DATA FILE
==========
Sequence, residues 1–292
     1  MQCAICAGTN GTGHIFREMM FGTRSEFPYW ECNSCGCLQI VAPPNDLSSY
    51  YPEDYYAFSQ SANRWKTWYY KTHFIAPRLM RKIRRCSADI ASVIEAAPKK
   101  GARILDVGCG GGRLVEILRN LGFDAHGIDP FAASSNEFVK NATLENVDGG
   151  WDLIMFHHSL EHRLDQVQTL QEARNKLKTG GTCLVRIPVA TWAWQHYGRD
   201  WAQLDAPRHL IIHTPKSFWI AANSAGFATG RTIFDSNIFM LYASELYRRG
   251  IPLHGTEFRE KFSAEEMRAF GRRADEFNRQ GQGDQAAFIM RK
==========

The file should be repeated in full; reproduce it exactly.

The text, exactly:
Sequence, residues 1–292
     1  MQCAICAGTN GTGHIFREMM FGTRSEFPYW ECNSCGCLQI VAPPNDLSSY
    51  YPEDYYAFSQ SANRWKTWYY KTHFIAPRLM RKIRRCSADI ASVIEAAPKK
   101  GARILDVGCG GGRLVEILRN LGFDAHGIDP FAASSNEFVK NATLENVDGG
   151  WDLIMFHHSL EHRLDQVQTL QEARNKLKTG GTCLVRIPVA TWAWQHYGRD
   201  WAQLDAPRHL IIHTPKSFWI AANSAGFATG RTIFDSNIFM LYASELYRRG
   251  IPLHGTEFRE KFSAEEMRAF GRRADEFNRQ GQGDQAAFIM RK